Science and Medicine

Mid-Atlantic Suburbs Can Expect an Early Spring

A recent study has found that spring is indeed arriving earlier—and autumn later—in the suburbs of Baltimore and Washington, D.C.

If you’ve been thinking our world is greener than frozen these days, you’re right. A recent study has found that spring is indeed arriving earlier—and autumn later—in the suburbs of Baltimore and Washington, D.C. The reason? The urban landscape traps heat in the summer and holds it throughout the winter, triggering leaves to turn green earlier in the spring and to stay green later into autumn. The result is a new, extended growing season.

Scientists used high-resolution satellite data collected over the past 25 years to look at the number days that trees have green leaves in the forests of the Mid-Atlantic. The study found that urban heat islands affected the growing season in areas within 20 miles of the city. As a result, gardeners may have more time to grow their vegetables and plant new varieties.

“This study provides important insight not only into the length of the growing season, but also into changes in water balance and carbon storage that will be accompanying climate change,” said Dr. Don Boesch, president of the University of Maryland Center for Environmental Science.

The longer growing season has a profound impact on forests. Forests are, in effect, the world’s air filters. Green leaves on trees turn carbon dioxide—a greenhouse gas that traps heat in our atmosphere—into oxygen. Carbon dioxide also helps trees grow since they use energy from the sun to convert the gas into plant matter. A longer growing season could change quickly forests grow and increase the amount of carbon dioxide taken out of the atmosphere.

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Heart Attacks Rise Following Daylight Saving Time

Luckily, the body's clock eventually synchs with the environment

Daylight-saving time this year begins March 11, and while we all might look forward to another hour of sunshine a University of Alabama at Birmingham expert says the time change is not necessarily good for your health.

"The Monday and Tuesday after moving the clocks ahead one hour in March is associated with a 10 percent increase in the risk of having a heart attack," says UAB Associate Professor Martin Young, Ph.D., in the Division of Cardiovascular Disease. "The opposite is true when falling back in October. This risk decreases by about 10 percent."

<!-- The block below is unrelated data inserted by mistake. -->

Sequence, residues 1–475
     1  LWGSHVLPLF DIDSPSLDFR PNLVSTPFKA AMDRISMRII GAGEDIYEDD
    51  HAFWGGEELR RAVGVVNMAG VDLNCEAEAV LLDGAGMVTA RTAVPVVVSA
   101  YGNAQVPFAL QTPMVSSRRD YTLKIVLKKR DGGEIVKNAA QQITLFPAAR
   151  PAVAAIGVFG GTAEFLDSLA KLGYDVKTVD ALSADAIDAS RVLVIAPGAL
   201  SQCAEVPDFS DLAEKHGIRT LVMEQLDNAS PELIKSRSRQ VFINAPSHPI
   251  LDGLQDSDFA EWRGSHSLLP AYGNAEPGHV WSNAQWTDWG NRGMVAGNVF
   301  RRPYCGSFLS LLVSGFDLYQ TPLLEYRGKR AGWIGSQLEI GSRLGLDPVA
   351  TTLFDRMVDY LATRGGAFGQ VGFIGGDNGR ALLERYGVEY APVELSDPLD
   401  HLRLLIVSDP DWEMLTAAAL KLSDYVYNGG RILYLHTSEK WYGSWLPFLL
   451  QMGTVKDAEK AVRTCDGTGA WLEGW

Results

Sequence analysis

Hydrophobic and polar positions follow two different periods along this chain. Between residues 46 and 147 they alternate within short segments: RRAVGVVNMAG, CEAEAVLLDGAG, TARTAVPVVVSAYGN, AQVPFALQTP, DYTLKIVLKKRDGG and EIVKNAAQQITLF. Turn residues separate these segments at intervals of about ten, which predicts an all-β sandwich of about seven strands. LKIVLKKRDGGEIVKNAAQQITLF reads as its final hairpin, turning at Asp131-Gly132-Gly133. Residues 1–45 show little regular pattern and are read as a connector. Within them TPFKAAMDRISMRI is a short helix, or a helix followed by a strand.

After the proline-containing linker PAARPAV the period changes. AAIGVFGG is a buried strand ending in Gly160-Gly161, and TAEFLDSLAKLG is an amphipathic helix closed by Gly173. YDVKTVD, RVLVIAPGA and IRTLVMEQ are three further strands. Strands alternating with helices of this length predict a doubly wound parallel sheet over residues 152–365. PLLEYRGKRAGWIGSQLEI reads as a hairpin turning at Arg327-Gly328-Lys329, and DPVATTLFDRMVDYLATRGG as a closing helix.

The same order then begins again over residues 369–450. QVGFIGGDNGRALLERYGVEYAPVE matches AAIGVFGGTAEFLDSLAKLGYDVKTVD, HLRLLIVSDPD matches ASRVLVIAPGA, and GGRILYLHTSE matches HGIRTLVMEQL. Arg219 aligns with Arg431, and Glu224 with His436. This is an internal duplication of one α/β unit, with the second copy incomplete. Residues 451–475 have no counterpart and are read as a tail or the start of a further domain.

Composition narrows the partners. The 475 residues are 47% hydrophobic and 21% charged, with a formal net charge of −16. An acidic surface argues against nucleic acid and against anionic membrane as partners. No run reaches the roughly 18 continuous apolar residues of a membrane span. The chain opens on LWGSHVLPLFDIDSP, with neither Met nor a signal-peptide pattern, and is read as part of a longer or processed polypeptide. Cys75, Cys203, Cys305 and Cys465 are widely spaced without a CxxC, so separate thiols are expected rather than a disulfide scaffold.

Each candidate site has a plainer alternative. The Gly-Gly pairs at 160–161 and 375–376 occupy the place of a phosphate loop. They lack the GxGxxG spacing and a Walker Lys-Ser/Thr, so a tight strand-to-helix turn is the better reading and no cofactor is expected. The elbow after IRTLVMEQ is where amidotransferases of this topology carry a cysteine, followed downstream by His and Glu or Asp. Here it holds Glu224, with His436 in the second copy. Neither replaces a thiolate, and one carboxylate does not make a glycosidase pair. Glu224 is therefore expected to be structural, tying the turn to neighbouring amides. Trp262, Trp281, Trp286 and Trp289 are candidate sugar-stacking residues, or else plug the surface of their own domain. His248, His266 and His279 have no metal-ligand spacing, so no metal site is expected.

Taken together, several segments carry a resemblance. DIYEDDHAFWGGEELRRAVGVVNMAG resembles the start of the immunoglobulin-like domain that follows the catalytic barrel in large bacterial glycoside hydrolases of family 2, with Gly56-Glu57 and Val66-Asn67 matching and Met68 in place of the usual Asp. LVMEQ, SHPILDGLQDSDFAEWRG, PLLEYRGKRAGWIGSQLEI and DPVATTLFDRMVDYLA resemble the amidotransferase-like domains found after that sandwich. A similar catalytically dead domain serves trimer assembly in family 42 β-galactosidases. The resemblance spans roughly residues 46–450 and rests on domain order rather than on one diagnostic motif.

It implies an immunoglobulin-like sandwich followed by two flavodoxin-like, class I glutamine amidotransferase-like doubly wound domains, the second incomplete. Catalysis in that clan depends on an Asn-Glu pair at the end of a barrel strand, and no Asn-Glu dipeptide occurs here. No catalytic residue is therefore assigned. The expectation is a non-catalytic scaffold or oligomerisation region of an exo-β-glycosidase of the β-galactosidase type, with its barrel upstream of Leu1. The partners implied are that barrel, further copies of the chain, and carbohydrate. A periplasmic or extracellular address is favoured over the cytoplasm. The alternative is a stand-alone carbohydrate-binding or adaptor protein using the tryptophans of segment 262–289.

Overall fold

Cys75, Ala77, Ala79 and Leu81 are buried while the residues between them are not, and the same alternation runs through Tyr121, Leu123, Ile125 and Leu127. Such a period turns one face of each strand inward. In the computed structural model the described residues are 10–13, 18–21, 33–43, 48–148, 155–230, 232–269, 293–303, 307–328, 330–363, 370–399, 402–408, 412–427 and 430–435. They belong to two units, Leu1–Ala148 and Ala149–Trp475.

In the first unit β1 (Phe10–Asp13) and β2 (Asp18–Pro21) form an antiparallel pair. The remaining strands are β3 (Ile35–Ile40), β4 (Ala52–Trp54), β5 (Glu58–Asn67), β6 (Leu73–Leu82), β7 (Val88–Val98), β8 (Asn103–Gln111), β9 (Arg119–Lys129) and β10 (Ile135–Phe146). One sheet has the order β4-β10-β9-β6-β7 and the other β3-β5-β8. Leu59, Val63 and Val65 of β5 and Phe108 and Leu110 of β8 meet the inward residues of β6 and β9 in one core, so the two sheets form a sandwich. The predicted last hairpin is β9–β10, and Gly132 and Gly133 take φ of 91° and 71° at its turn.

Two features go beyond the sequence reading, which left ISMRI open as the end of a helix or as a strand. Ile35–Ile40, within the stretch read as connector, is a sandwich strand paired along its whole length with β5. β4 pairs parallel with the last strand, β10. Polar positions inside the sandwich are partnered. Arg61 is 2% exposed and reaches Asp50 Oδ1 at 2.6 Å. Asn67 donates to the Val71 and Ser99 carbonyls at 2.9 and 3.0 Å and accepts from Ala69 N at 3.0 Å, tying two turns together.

The Sunday morning of the time change doesn't require an abrupt schedule change, but, Young says, heart-attack risk peaks on Monday when most people rise earlier to go to work.

"Exactly why this happens is not known but there are several theories," Young says. "Sleep deprivation, the body's circadian clock and immune responses all can come into play when considering reasons that changing the time by an hour can be detrimental to someone's health."
Why is daylight-saving time tied to these? Young says:

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Another Mechanism Discovered by Which Sulforaphane Prevents Cancer

The influence of sulforaphane on DNA methylation was explored by examining methylation of the gene cyclinD2.

Researchers in the Linus Pauling Institute at Oregon State University have discovered yet another reason why the “sulforaphane”compound in broccoli and other cruciferous vegetables is so good for you—it provides not just one, but two ways to prevent cancer through the complex mechanism of epigenetics.

Epigenetics, an increasing focus of research around the world, refers not just to our genetic code, but also to the way that diet, toxins and other forces can change which genes get activated, or “expressed.” This can play a powerful role in everything from cancer to heart disease and other health issues.

Sulforaphane was identified years ago as one of the most critical compounds that provide much of the health benefits in cruciferous vegetables, and scientists also knew that a mechanism involved was histone deacetylases, or HDACs. This family of enzymes can interfere with the normal function of genes that suppress tumors.

HDAC inhibitors, such as sulforaphane, can help restore proper balance and prevent the development of cancer. This is one of the most promising areas of much cancer research. But the new OSU studies have found a second epigenetic mechanism, DNA methylation, which plays a similar role.

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